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Democratic Congo


Massive increase in the number of students being educated is good in the sense that it expands opportunities for self-advancement for millions who were formerly denied such chances, but bad because it puts almost unmanageable strains on the entire education system. Projected growth in demand suggests that this problem will grow worse in the future and needs immediate attention. The desire and hunger for education can not and should not be halted, rather massive investment in teacher-training is needed to improve the quality of education and massive construction of new schools is needed to house the growing army of future leaders and productive citizens of the DRC. Where possible this should be internally financed, but if necessary low interest loans from friendly bilateral donors should be sought out to underwrite improvements in the system. At the very least, the people who benefit from such loans will feel that it is fair that they repay them rather than in the past where only a small elite benefited from foreign loans that the masses were forced to repay.

There is still too much of an imbalance between primary, secondary, and university enrollment. This needs correction to ensure a growing and prosperous middle class that has a stake in the system and will stabilize it. Teachers' education must be upgraded, and retention and recruitment must become top priorities, even if signing bonuses, housing allowances, and other devices are employed to meet projected needs. The curriculum also needs to be rethought in light of the DRC's current manpower needs. Teaching methods should be overhauled as well. Urban schools are currently favored and efforts need to be made to correct this and shift more resources to neglected rural schools, while not allowing the quality of urban schools to decline as a result.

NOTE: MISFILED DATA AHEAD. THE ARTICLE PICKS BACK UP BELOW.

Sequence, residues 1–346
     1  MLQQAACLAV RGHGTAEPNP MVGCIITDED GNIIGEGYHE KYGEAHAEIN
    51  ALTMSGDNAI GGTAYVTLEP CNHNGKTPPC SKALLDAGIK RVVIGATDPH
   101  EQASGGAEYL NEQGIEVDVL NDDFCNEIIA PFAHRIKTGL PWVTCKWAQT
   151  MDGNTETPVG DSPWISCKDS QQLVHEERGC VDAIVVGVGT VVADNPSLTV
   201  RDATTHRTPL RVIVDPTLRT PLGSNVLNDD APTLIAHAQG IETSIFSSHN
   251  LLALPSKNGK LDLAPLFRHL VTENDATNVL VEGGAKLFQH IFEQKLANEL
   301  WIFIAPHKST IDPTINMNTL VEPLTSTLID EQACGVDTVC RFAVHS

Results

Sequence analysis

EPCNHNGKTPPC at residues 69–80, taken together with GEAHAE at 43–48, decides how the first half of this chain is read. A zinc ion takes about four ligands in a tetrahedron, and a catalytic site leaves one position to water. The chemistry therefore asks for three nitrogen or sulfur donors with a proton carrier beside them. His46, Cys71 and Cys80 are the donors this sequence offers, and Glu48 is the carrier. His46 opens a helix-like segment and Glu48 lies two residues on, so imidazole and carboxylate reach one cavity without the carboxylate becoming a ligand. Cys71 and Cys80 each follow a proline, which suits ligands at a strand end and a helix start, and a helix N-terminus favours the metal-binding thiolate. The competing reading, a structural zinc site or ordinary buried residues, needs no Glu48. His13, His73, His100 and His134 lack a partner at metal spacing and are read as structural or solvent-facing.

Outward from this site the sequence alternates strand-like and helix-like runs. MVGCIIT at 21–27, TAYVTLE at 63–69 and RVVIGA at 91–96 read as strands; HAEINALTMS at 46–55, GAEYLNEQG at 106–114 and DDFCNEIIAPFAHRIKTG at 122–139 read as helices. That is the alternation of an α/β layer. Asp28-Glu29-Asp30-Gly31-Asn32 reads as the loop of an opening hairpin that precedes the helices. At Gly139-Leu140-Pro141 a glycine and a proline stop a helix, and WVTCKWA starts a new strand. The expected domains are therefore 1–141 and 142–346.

The future health of education in the DRC will necessitate massive investment. Well-trained teachers who stay on the job because they are well-treated, valued, and well-paid will not come easily to the DRC. This, however, is necessary to reach and maintain high educational standards. Under these conditions the DRC will be poised to reach its true potential as a regional giant, assuming that political stability occurs and war ends, ushering in a period of peace and prosperity and an end to kleptocracy.


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—Dallas L. Browne

Additional topics

Education Encyclopedia - StateUniversity.comGlobal Education ReferenceDemocratic Congo - History Background, Constitutional Legal Foundations, Educational System—overview, Preprimary Primary Education, Secondary Education